Second photo is by Barry. Maybe Fiske copyrighted it and sold the image later or maybe it's just a photo he collected, but it's the same backdrop you can see in any number of Barry photos from the mid 1880s and beyond - like this one:
Here's a Zalmon Gilbert photo of Red Tomahawk, possibly Eagle Man and one other:
Do we read anything into the fact he's holding the pipe uside down? Gilbert's studio was in Mandan and I have a vague recollection that he was out west until about 1891, so this is possibly a post-Sitting Bull photo.
Last Edit: Oct 20, 2007 4:15:33 GMT -5 by grahamew
Hey folk, let´s go back to Crow King. Here is an other photo of him. it´s from the book"Sitting Bull´s Surrender at Fort Buford" by Paul L.Hedren. In the photo is Crow King, Major David Brotherton and Low Dog, standing behind is the interpreter George Fleury. Taken by Barry at Fort Buford in May 1881 after their return from Canada.
Does anyone know of a photographer with the name of Herrin?
I found a list of photographs labelled "For sale by Herrin, Artist. East Portland, Or."
On this list are among others the names of Crow King and Low Dog. Could be that Herrin only copied the Barry photos, but there are also definetly photos he made by himself among the Lakotas, or at least I haven´t seen them among the work of other photographers.
According to the census records of 1886 Mary Laura Crow King and Emma Crow King, the daughters of Chief Crow King aka Patriarch Crow, were born in 1876 and 1880.
In 1886 they as orphans lived in the household of a 38 years old Hunkpapa, whose name is hardly readable in the records. Ancestry.com gives it as "Rekerwd Victerwra" (whatever that means) and his wife "Scratch Them" (age 36). I read his Indian name as "Waklegli" (or something like that) and perhaps R... Victorino.
Their children were Weasel Eagle (12), Kill the Enemy (9), and Red Owl.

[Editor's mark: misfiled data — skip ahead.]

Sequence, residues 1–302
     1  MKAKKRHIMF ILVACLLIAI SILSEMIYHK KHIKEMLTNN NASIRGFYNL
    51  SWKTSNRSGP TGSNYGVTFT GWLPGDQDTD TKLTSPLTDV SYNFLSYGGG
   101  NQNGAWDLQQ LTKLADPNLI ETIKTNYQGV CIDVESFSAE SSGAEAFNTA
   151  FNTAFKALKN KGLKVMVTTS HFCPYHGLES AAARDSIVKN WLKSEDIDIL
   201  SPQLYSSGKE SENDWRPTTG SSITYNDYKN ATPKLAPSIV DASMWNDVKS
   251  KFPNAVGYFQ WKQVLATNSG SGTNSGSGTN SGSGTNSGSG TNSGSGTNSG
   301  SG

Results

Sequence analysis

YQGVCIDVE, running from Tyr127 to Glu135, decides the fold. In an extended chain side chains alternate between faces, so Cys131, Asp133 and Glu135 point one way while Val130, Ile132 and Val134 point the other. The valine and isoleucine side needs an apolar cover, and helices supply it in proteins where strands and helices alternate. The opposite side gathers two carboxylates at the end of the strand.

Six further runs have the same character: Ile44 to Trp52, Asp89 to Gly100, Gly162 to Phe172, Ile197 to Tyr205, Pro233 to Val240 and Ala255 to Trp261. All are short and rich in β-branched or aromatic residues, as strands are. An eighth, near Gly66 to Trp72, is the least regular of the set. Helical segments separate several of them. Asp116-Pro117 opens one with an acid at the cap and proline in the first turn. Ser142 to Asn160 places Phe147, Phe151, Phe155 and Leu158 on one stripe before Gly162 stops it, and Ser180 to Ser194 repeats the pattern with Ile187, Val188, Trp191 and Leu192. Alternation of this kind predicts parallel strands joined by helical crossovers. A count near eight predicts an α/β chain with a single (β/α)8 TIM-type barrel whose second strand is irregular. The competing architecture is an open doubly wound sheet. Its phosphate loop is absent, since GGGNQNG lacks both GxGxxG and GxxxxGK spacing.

Thank you both for sharing this revealing information regarding the adopted family of Crow King’s daughters after his death in 1884. I checked a list of Standing Rock Agency bands from the National Archives (RG 75 Records of the Bureau of Indian Affairs; Roll 5A: Record of Rations Issued 1885) to try and discover a clue as to who the mystery family head was. There was indeed a male by the name of Wakte Gli (Returned Victorious) who was head of a household consisting of six people in that year. This family belonged to a band led by Mato Hakikta (Chief Bear Looking Back). The two Crow King girls belonged to a band headed by Mato Wakantuya (Chief High Bear) at the same time the list was compiled. They were listed as belonging to the "Crow King" or "Kangi Yatpika" family, even though their birth parents had died the previous year. Wakte Gle’s family consisted of 6 people in July of 1885. Could there have been a kinship tie between Crow King and this man, or possibly his wife, Scratch Them? Crow King was said to have had two sisters who survived him - perhaps Scratched Them was one of them? Crow King also had at least one living brother at the time of his death - could that man have been Wakte Gle? There is also a question regarding the further adoption of the two Crow King girls by Agent James Mclaughlin and his wife Marie. McLaughlin stated in his book of memoirs, “My Friend The Indian”, that he had promised Crow King before the war chief’s death that they would care for (adopt?) the girls when their parents were gone (McLaughlin wrote that Crow King and his Lakota wife died within a few months of each other). It is known that both the Crow King girls were sent to an Agency school shortly thereafter. Mary died in 1889 and Emma was sent to the Chilocco boarding school in Oklahoma, although she later returned to Standing Rock at the request of Mrs. McLaughlin. I recall that this took place sometime around 1900 and that Emma married an agency employee named Paul Cornouyer a few years later.